Access and inclusion

Improving access to university means talented individuals have the opportunity to achieve success whatever their background or circumstances. From admissions and outreach to inclusive physical spaces and pastoral support, our universities want to draw from the widest possible pool of talent.

Our members offer support, on and off campus, and alongside schools and colleges with outreach and targeted initiatives such as:

  • Cardiff University’s Discovery Programme for young people with Autism Spectrum Conditions, which offers 14 to 19 year-olds fortnightly mentoring sessions to boost learning skills and help them to find out more about university study.
  • UNIQ, a free programme which gives 17 and 18-year-old students an opportunity to study at the University of Oxford, meet tutors, sample their chosen course, stay in a college and get help writing their application.

Have a look at what our universities are doing to increase access and widen participation:

Pathways for Potential 2023 - Executive Summary

Progress towards meeting Pathways for Potential commitments on tackling educational inequality and improving access to Higher Education - Summary

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In the last decade, the number of students from under-represented backgrounds going to university has increased – these students are now 61 per cent more likely to go on to higher education than 10 years ago and 30 per cent more likely to study at a Russell Group university than five years ago.[1] However our members are determined to do more to ensure anyone with the drive and determination to access higher education can do so, regardless of their circumstances.

As well as the ambitious proposals set out in our Pathways for Potential report, which include working with the Government to develop a 10-year national strategy to address educational inequality in the early years, schools and colleges, our members are delivering a range of projects in communities across every region and country of the United Kingdom.

  • The University of Manchester runs an award-winning programme that has seen more than 1,000 staff and alumni become school governors. This helps build relationships with schools, offers professional development to school staff and helps promote activities that widen access to university.
  • Queen Mary University of London works in partnership with several schools in East London, delivering a comprehensive science-oriented progression curriculum and raising attainment.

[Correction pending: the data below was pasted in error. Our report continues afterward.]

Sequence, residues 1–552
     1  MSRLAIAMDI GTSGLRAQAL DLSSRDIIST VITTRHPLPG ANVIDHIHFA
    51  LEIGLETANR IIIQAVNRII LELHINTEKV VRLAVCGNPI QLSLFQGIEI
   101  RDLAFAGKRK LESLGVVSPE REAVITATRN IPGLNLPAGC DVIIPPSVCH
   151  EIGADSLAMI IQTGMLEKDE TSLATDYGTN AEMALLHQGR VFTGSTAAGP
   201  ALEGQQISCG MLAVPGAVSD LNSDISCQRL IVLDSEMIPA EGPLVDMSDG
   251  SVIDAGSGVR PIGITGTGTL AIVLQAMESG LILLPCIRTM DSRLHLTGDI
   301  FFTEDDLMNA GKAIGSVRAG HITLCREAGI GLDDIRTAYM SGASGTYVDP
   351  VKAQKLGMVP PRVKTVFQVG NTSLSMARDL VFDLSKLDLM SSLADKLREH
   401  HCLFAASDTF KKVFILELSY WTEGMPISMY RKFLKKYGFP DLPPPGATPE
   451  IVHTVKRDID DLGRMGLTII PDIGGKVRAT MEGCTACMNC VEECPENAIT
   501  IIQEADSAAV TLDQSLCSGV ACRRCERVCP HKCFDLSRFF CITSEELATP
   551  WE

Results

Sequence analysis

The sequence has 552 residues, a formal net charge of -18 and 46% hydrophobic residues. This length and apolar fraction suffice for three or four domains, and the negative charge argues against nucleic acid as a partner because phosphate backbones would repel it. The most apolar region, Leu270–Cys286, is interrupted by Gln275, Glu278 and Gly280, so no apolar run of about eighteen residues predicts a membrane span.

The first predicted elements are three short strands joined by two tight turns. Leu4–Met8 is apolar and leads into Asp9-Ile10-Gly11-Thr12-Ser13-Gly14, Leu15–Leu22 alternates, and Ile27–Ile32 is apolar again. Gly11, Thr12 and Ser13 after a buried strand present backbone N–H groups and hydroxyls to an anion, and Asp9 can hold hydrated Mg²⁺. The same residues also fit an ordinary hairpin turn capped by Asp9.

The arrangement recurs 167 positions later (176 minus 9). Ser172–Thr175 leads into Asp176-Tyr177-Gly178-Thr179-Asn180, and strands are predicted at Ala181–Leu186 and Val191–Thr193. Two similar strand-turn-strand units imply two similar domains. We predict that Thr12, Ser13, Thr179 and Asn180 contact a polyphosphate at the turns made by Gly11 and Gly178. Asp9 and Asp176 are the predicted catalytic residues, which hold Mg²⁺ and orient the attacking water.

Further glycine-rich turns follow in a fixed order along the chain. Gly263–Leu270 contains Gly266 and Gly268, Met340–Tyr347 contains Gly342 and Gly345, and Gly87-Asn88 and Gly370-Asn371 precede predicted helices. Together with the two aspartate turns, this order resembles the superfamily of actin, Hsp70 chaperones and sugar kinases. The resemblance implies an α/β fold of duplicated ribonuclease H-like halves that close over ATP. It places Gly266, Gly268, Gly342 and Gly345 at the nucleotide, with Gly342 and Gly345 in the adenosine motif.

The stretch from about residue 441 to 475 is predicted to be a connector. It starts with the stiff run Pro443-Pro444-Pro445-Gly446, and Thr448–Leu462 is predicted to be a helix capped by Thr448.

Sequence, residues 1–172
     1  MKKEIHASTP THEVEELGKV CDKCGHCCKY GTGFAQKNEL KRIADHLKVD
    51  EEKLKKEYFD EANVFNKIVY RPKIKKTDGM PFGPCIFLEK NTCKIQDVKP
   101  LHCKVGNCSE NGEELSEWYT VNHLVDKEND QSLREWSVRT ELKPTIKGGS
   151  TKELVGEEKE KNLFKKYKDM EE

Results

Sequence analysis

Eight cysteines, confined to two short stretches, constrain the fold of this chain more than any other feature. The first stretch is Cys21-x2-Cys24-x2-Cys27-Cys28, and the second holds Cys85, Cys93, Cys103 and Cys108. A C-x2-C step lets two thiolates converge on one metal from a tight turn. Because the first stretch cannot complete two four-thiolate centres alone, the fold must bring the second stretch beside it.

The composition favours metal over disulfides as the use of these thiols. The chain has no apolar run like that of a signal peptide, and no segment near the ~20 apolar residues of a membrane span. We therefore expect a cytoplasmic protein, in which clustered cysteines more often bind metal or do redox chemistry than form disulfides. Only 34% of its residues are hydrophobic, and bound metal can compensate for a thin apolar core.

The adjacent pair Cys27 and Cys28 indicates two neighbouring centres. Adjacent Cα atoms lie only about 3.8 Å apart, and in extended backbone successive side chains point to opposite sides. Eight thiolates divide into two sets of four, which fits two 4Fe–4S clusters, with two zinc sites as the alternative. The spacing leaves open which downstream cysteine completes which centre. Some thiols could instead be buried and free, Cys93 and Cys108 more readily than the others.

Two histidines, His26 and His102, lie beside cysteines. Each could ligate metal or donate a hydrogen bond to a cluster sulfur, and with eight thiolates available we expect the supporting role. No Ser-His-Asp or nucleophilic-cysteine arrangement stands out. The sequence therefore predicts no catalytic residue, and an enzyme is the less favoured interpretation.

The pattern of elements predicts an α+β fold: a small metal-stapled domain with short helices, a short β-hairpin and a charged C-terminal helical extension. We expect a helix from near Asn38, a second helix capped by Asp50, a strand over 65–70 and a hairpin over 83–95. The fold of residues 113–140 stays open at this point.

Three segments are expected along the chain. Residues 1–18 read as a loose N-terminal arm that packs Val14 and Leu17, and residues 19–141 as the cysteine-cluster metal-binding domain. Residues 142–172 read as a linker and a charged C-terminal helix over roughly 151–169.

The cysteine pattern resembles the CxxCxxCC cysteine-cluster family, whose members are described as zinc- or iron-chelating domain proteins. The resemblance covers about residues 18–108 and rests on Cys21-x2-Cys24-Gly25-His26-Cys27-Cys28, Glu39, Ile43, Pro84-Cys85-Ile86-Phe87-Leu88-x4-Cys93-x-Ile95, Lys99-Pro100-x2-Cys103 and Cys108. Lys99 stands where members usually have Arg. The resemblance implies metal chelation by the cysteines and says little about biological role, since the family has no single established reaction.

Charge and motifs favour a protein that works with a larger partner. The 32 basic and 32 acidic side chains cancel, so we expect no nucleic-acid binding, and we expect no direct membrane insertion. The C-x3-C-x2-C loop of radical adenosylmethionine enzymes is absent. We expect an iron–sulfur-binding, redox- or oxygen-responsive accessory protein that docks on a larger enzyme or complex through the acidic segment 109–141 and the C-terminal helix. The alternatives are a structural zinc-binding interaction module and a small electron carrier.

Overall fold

We are now looking to work even more closely with the Government and the Office for Students to improve access for disadvantaged students. 

Overcoming barriers to going to university

Getting into university is not the same experience for everybody, and people can experience different obstacles that intersect in complex ways. Our universities offer a range of programmes with targeted support to help overcome those challenges so more people can get to university and complete their studies successfully: 

  • The number of care leavers studying at the University of Nottingham greatly increased in 2017/18 and these students are now more likely to continue their studies than the average UK student, thanks to wrap-around support, practical help and year-round accommodation.
  • Queen’s University Belfast uses sport to foster early engagement with young men while at school, primarily from white working-class backgrounds, in years 8 to 10. The programme aims to foster pride and self-confidence, as well as the aspiration to progress to university in later years.
  • The University of Liverpool works with a local Somali and Yemeni community group through their Fast Trackers initiative. Previous participants now work as mentors for the next generation of students, acting as positive role models and embedding the project deeper within the community.

Our universities have also developed alternative routes for students who might not otherwise meet the standard entry requirements. For example:

  • Warwick University’s 2+2 programme has engaged with four local colleges for over 25 years and given 2,000 adult learners with few or no traditional qualifications a route into university education.
  • The University of Edinburgh’s Access Programme provides adult learners with part-time courses to help them get on to degrees without needing to have A-Levels or Highers. It provides an entry route to over 150 courses within the University’s College of Arts, Humanities and Social Sciences.

Over half of Russell Group universities now offer degree apprenticeships, which provide another route into higher education, allowing students to earn while they study and get direct experience in the workplace with employers. The Universities of Birmingham, Leeds and Queen’s Belfast have collaborated with PwC to deliver a four-year technology degree apprenticeship, forming part of their commitment to address the UK’s technology skills gap, drive regional growth, as well as improve the diversity of the tech industry. 

Advancing Access

Schools and colleges can also benefit from the  "Advancing Access" initiative. Launched by Russell Group universities, it provides a variety of free resources and online events for teachers and advisers to help them support students' progression to leading universities.

Its activities are targeted towards remote, rural and coastal regions and provide teachers and advisers with information and support, events and virtual conferences, to improve their understanding of what our universities are looking for and how the admission process works.  

[1] (2019 UCAS, End of cycle report; OfS access and participation dataset entry number for POLAR Quintile 1 students over the five years to 2017/18. ) 

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